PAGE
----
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Drought contingency plan in place for some Pittsburgh-area water customers

Drought contingency plan in place for some Municipal Authority of Westmoreland County customers
Drought contingency plan in place for some Municipal Authority of Westmoreland County customers 02:19

NEW STANTON, Pa. (KDKA) -- A drought contingency plan is in place for some water customers throughout Westmoreland County.  

The Municipal Authority of Westmoreland County said Wednesday that due to a lack of rain, the Beaver Run Reservoir reached levels where a voluntary conservation order was necessary in hopes of conserving water. 

"We are currently down a little more than 2.1 billion gallons when you consider the seasonal average. So precipitation is the easiest and best way out of this but conservation, every drop helps," said Matt Junker, a spokesperson for the Municipal Authority of Westmoreland County.  

Junker said this is the first time in nearly a decade that the authority has had to issue a voluntary conservation order. The order affects customers in Westmoreland and parts of Armstrong, Indiana and Allegheny counties. 

"The lack of precipitation over the last couple of months has caused some of our rivers and streams to run 25% to 50% below their normal average," said Fred McMullen, a meteorologist with the National Weather Service in Pittsburgh. 

Junker said the reservoir is currently holding around 5 billion gallons of water. When full, it typically holds 11 billion gallons. 

"Every drop counts if people can conserve," Junker said.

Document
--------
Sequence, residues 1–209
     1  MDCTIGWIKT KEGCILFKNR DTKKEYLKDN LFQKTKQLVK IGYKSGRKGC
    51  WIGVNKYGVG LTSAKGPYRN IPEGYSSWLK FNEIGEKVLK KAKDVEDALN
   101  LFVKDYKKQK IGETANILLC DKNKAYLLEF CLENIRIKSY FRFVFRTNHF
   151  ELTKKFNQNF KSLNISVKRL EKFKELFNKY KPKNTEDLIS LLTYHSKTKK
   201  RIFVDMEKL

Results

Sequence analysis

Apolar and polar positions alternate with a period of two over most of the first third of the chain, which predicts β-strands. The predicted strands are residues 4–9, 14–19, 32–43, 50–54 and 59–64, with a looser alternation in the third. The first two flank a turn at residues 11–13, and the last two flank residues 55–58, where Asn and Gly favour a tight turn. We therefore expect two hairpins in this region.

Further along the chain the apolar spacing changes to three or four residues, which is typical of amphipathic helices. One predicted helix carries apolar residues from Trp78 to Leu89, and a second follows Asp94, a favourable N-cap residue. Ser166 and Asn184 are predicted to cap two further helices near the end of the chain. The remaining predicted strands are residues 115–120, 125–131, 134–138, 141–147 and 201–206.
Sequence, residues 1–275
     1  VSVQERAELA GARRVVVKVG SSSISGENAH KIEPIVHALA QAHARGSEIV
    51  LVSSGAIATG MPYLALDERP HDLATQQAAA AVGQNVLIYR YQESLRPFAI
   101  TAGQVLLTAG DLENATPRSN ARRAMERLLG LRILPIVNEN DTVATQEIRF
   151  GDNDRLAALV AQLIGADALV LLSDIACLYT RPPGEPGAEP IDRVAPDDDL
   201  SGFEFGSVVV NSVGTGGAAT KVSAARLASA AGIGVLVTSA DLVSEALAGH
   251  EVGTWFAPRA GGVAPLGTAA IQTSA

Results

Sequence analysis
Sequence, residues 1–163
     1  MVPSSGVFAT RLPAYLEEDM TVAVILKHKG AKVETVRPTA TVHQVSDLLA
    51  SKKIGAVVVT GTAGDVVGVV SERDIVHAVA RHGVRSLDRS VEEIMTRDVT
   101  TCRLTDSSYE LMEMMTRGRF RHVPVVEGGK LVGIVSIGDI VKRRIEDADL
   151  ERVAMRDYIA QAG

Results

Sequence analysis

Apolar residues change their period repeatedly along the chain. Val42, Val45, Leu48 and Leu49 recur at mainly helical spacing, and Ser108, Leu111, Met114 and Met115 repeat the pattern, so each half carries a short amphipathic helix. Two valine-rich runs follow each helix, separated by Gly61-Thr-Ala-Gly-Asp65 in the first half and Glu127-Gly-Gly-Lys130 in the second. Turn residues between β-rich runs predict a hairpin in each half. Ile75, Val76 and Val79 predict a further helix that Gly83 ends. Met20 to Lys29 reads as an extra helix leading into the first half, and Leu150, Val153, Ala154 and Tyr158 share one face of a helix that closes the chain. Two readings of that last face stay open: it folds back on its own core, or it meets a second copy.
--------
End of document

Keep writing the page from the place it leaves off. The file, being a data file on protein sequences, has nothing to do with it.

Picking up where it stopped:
To avoid a mandatory order, Junker said customers should take shorter showers and turn off the water when brushing their teeth. 

"Then if you want to invest in water-saving appliances, you can do that. Look for WaterSense-labeled toilets, showerheads, and other fixtures," Junker said. 

According to the National Weather Service in Pittsburgh, southwestern Pennsylvania is not in a drought, but McMullen said the region is about 3 inches below average for precipitation.  

"For the entire year, southwestern Pennsylvania, specifically at Pittsburgh International Airport, is just under 7 inches below normal for rainfall," McMullen said. "It's an El Niño winter so the storm track typically goes to our southeast across Virginia, not to the coast, but if those systems track it further inland, we can see some beneficial rains to our region as we go through the course of the winter months."   

To see if you are in the affected area, click here to launch an interactive map, and enter your address. 

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